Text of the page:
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Publication - Professor John Tarlton

    Behavioural and physiological responses of laying hens to automated monitoring equipment

    Citation

    Buijs, S, Booth, F, Richards, G, McGaughey, L, Nicol, CJ, Edgar, J & Tarlton, JF, 2018, ‘Behavioural and physiological responses of laying hens to automated monitoring equipment’. Applied Animal Behaviour Science, vol 199., pp. 17-23

    Abstract

    Automated monitoring of behaviour can offer a wealth of information in circumstances where observing behaviour is difficult or time consuming. However, this often requires attaching monitoring devices to the animal which can alter behaviour, potentially invalidating any data collected. Birds often show increased preening and energy expenditure when wearing devices and, especially in laying hens, there is a risk that individuals wearing devices will attract aggression from conspecifics. We studied the behavioural and physiological response of 20 laying hens to backpacks containing monitoring devices fastened with elastic loops around the wing base. We hypothesised that backpacks would lead to a stress-induced decrease in peripheral temperature, increased preening, more aggression from conspecifics, and reduced bodyweights. This was evaluated by thermography of the eye and comb (when isolated after fitting backpacks), direct observations of behaviour (when isolated, when placed back into the group, and on later days), and weighing (before and after each 7-day experimental period). Each hen wore a backpack during one of the two experimental periods only and was used as her own control. Contrary to our hypothesis, eye temperature was higher when hens wore a backpack (No backpack: 30.2 °C (IQR: 29.0–30.6) vs. Backpack: 30.9 °C (IQR: 30.0–32.0), P < 0.001). Eye temperature of hens wearing a backpack was strongly correlated to the time spent preening (rs = 0.8, P < 0.001), suggesting that the higher temperatures may have been due to preening itself, or to a low head position or decreased heat dissipation when preening under the wings. Aggressive behaviour was very rare and no effect of the backpacks was found. In line with our hypothesis, backpacks increased preening on the day of fitting, both when isolated (No backpack: 0% (IQR: 0–1) vs. Backpack: 22% (IQR: 1–43), P < 0.01) and when back in the group (No backpack: 0% (IQR: 0–27) vs. Backpack: 43% (IQR: 5–77), P < 0.001). However, no effect on preening was observed 2–7 days afterwards. Other behavioural changes suggested that on the day of fitting hens prioritized attempts to (re)move the backpack and were less attentive to their surroundings. However, only equipment pecking (i.e., pecking the backpack or leg rings) was still affected 2–7 days after fitting (No backpack: 0 pecks/hen/minute (IQR: 0–0), vs. Backpack: 0 (IQR: 0–0.07), P < 0.05). We found no effect of our backpacks on bodyweight. In conclusion, our backpacks seem suitable to attach monitoring equipment to hens with only a very minor effect on their behaviour after a short acclimation period (≤2 days).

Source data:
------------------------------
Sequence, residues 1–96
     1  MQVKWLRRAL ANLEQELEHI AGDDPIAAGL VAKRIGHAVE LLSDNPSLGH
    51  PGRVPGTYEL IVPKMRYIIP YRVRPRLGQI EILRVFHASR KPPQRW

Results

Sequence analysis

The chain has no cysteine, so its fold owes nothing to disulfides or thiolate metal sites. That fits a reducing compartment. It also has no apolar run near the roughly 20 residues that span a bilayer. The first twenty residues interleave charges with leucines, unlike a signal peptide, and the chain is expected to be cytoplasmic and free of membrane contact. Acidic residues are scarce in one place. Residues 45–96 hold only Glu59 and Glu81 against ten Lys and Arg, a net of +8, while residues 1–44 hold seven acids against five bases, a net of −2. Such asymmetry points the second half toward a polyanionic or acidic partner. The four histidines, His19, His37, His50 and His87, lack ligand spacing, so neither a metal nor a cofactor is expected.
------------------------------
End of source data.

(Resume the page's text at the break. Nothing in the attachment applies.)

Full details in the University publications repository